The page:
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Delivering Housing Affordability in the Northern Territory

Recent political and media attention on negative gearing and capital gains tax, as well as suggestions that Australia may be heading for a “housing bust”, have placed a strong focus on investment in housing and affordability.


The Urban Development Institute of Australia is strongly opposed to any changes to the current taxation regime for negative gearing and capital gains tax.  The UDIA believes any changes to the current system will be detrimental to Australia’s unique housing model and warns that in the longer term will put enormous pressure on Government budgets to supply rental accommodation and social housing.


Essentially Australians are either home owners (with or without a mortgage) or renters.  But while almost 69 percent of Australians own or are buying their own home, the equivalent figure for the Northern Territory is much lower, at just under 57 percent.  This means that the supply of rental housing is particularly important for us.


For various reasons many people shy away from home ownership and prefer to rent; although these reasons include the inability to raise a deposit and meet mortgage payments, there are also many Australians who prefer not to have the responsibility of home ownership, or wish to retain flexible living arrangements as part of their lifestyle.


The rental market relies on Governments, affordable housing providers and private investors to provide the necessary stock.  This is the most efficient means of providing rental accommodation during high population growth.


Without private investment, a much greater Government investment (unaffordable given Australia’s current financial position) would be required.  And private housing investment is strongly dependant on the current negative gearing taxation arrangements.  It is important to note that Governments ultimately recoup the benefits accruing to property investors using negative gearing, through capital gains taxes which are paid when the property is sold.


The “housing bust” argument seems to arise periodically and no doubt has some effect on owner occupiers and potential investors who are worried about paying a lot of money for a house which they fear may drop in value, leaving them with a bigger mortgage than their asset / investment is worth.


It is critically important to remember that they key driver of the value of real estate investment is demand and supply.  Value is also strongly related to the well-worn real estate mantra of “location, location, location”.


If you purchase a house or apartment in a town where the high demand is temporary (such as a mining boom area), you will be able to get extremely high rental returns for a limited number of years.  But it should be obvious that when the demand reduces (because the mining project comes to an end due to completion of infrastructure, depletion of the resource, or a significant reduction in prices for that commodity), housing supply will exceed demand and the value of the investment, as well as its ability to generate income through rental, will reduce significantly.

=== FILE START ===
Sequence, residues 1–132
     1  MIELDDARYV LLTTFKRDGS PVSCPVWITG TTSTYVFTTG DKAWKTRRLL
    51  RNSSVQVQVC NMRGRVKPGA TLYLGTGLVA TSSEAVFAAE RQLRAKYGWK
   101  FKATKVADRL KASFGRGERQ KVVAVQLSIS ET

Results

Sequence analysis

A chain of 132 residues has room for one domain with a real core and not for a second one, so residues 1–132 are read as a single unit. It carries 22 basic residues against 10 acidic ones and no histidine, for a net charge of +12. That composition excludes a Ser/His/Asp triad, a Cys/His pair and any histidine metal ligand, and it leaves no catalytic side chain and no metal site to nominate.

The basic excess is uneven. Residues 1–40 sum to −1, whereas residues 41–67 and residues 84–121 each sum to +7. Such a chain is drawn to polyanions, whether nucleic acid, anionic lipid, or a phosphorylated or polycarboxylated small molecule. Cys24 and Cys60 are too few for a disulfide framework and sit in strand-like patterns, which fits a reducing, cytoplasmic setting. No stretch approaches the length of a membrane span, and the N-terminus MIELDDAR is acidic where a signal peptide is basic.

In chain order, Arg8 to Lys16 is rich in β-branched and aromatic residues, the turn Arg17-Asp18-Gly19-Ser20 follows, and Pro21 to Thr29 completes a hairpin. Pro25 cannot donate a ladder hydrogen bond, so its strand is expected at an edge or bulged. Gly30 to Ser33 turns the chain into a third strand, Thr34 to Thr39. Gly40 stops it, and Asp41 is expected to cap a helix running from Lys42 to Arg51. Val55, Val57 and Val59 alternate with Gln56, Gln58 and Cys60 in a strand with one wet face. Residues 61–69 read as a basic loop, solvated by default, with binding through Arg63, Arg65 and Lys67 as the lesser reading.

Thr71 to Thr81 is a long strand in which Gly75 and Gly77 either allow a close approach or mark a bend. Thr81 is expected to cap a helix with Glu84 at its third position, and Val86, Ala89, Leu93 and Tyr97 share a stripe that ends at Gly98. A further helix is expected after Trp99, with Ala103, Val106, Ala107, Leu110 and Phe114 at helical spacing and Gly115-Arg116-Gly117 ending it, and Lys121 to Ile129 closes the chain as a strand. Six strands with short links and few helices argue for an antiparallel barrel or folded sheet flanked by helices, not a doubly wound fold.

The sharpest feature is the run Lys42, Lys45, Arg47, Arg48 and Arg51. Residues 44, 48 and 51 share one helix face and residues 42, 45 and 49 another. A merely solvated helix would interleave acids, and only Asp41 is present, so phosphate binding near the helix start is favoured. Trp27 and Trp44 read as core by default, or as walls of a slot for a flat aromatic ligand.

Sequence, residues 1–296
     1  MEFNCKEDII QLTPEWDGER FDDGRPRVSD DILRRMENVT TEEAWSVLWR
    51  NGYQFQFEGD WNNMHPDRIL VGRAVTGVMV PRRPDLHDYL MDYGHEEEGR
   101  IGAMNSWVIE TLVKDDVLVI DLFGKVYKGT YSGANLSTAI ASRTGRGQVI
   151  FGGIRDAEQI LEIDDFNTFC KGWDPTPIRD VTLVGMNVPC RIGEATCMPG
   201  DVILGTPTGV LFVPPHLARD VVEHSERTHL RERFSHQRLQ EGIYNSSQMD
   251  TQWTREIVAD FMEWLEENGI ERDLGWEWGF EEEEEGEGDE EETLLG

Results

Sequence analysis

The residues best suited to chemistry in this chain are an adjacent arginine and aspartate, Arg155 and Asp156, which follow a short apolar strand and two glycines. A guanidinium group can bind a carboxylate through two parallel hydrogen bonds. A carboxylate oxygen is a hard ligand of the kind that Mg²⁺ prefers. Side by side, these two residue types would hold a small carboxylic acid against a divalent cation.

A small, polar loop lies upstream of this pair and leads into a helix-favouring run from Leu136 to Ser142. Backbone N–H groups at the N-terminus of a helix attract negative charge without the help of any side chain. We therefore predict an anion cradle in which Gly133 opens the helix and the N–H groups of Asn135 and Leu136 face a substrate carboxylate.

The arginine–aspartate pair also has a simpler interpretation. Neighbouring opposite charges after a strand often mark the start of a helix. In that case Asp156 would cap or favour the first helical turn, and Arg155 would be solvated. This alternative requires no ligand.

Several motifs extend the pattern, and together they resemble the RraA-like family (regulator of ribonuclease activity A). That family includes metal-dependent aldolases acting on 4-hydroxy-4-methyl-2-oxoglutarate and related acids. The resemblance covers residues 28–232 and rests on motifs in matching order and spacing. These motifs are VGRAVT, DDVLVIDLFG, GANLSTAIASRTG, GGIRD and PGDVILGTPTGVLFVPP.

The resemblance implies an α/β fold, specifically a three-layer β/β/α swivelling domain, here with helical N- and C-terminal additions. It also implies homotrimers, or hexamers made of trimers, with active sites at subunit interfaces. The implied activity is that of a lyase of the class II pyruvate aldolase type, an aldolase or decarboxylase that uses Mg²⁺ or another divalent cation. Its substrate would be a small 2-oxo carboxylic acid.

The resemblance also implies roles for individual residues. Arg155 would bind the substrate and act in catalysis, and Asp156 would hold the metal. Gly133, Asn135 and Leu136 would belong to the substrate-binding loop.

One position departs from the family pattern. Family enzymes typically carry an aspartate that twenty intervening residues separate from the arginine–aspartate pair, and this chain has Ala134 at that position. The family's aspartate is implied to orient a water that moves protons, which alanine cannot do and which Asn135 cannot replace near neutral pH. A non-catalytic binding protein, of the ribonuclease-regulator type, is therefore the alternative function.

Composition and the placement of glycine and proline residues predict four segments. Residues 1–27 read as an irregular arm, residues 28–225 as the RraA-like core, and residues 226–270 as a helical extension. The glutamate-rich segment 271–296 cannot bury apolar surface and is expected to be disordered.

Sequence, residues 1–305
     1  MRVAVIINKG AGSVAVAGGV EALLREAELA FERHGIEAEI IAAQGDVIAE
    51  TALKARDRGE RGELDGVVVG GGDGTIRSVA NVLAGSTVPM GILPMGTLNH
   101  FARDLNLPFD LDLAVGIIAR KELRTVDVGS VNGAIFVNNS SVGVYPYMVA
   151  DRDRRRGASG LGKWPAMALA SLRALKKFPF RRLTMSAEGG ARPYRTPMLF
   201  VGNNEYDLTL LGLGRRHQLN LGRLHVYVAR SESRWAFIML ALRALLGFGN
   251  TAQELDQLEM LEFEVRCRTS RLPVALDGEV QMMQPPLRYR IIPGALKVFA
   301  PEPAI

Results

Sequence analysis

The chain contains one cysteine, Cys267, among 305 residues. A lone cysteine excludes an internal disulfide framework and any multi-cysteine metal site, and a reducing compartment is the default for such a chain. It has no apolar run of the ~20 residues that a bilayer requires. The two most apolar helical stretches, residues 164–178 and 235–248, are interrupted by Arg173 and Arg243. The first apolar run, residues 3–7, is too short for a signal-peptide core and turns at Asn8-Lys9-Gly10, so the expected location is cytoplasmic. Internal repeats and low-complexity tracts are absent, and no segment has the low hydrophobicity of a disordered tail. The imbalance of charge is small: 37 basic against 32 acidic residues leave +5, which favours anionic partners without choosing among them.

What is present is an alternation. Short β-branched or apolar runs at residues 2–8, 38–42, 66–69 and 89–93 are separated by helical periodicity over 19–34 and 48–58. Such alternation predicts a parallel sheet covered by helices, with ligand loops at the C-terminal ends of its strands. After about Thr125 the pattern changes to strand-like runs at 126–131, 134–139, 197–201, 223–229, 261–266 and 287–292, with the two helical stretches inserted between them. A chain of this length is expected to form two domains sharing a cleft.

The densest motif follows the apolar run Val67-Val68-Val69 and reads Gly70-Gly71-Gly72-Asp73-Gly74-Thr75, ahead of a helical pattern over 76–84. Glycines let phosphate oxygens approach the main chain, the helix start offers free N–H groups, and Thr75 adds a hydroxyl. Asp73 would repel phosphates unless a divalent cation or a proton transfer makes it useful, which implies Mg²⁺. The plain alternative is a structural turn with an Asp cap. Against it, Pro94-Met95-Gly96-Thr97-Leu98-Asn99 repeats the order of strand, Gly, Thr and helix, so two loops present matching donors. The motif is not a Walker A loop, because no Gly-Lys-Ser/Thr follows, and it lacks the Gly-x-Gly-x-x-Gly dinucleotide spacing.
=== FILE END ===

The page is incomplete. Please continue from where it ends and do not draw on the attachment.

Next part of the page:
This is far less likely to happen in a capital city like Darwin; although we experience highs and lows in our economic activity and therefore our demand for housing, our economy has a much larger and diverse base than that of a small mining town.  Firstly, we have a large public sector workforce (teachers, medical professionals and police to mention just a few of our essential service providers) - their salaries inject over 2 billion dollars into our economy every year.


But we also have a strong investment by the Commonwealth in infrastructure and salaries, particularly in defence.  Add to this the busiest live cattle export port in the world, other agribusiness projects, significant LNG exports, huge potential for development of the north, our attractiveness as a tourist destination, our recreational fisheries, huge mineral resources, and the significant growth of our importance as an education hub.  It is clear that we have substantially more underpinning our economy than a small mining town somewhere experiencing a temporary boom.


To maintain and enhance the delivery of housing affordability in Darwin we need:


  • Ongoing private investment in housing stock, supported by a tax regime which continues to provide offsets against expenses associated with the earning of rental income;
  • Not-for-profit housing providers (eg Venture Housing) which are able to become viable through ongoing Government subsidies and sufficient size - this will require significant population growth in the NT;
  • Planning processes which provide new greenfield land release and urban infill sites to meet demand;
  • Efficient government processes which enable the development industry to function effectively and efficiently; and
  • Industry delivery of a mix of housing stock which will facilitate housing affordability, for both the rental and home owner markets.